Tyler Mitchell has been a rising star in the world of photography for the last few years. Just this week, the 23-year-old received the biggest co-sign from Beyoncé. The singer/actress/all-around superstar handpicked Mitchell to shoot her Vogue cover, making him the first Black photographer to accomplish this feat for the magazine in its 126-year history. “Until there is a mosaic of perspectives coming from different ethnicities behind the lends, we will continue to have a narrow approach and view of what the world actually looks like,” Beyoncé explained in Vogue‘s September’s issue. “That is why I wanted to work with this brilliant 23-year-old photographer Tyler Mitchell.” But before Bey changed his life, he became known through his El Paquete project.

Named after El Paquete Semanal – the USB system Cubans use to get the most up-to-date pop culture news (a stand in for the internet) – Mitchell captured the emerging skate culture and the architecture of the Caribbean island. He spent six weeks in Cuba, which became his self-published book, El Paquete.

He traveled to Cuba at a time when the country was beginning to re-establish relations with the US, meaning the US media widely covered the island’s history, and many times in problematic ways. He decided to learn more himself, without letting news coverage cloud his perspective. “I’m just always trying to do stuff that’s not allowed so I wanted to go to a place that Americans and western schools generally seem to paint such a negative picture of,” he told Dazed. “I wanted to stop being so scared and actually just try something out! I was able to find appreciation for Cuba outside of that limiting western view.”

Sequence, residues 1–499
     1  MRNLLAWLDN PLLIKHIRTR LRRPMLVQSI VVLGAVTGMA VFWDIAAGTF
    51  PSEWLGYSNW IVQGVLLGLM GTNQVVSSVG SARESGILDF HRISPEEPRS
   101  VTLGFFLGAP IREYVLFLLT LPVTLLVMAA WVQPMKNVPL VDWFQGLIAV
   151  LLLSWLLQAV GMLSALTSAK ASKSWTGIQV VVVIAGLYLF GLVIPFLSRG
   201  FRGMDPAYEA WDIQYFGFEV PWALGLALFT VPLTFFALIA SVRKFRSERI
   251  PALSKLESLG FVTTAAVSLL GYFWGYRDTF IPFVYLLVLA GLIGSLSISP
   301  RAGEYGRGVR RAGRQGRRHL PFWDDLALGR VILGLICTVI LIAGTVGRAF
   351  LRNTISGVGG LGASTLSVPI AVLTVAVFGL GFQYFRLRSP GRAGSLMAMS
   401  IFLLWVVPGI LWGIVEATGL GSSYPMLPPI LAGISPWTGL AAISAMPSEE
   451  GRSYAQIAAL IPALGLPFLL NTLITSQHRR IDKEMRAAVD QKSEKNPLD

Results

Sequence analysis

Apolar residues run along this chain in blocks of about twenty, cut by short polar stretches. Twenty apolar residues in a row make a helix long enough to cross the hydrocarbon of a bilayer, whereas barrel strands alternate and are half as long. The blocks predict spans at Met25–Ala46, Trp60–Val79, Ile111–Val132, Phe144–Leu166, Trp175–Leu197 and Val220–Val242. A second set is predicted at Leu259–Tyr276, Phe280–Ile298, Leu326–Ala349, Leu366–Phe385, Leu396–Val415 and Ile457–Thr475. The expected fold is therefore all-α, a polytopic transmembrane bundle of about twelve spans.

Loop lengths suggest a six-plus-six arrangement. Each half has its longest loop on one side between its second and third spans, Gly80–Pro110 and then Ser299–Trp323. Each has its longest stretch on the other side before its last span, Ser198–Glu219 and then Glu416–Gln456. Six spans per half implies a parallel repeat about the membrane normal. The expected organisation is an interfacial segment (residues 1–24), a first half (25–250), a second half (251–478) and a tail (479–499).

The result was a set of beautiful photos that felt intimate and placed Afro-Cubans at the forefront. “Blocking out the gossip allowed me to shoot Cuba in this a-typical way,” he said. But it’s not surprising that his photos looks at this often-ignored community through a different lens. Part of his mission is to show Black people in non-stereotypical ways.

“For so long, Black people have been considered things,” he told Vogue. “We’ve been thingified physically, sexually, emotionally. With my work, I’m looking to revitalize and elevate the Black body.”

With this series, he focused on skateboarding, a sport that he came invested in as a teenager and that led him to photography. Since skating is relatively new in Cuba, there was excitement each time someone successfully did a trick. It reminded him of what “Los Angeles must’ve been like in the ’70s.”

Check out the rest of his Cuba images on his website.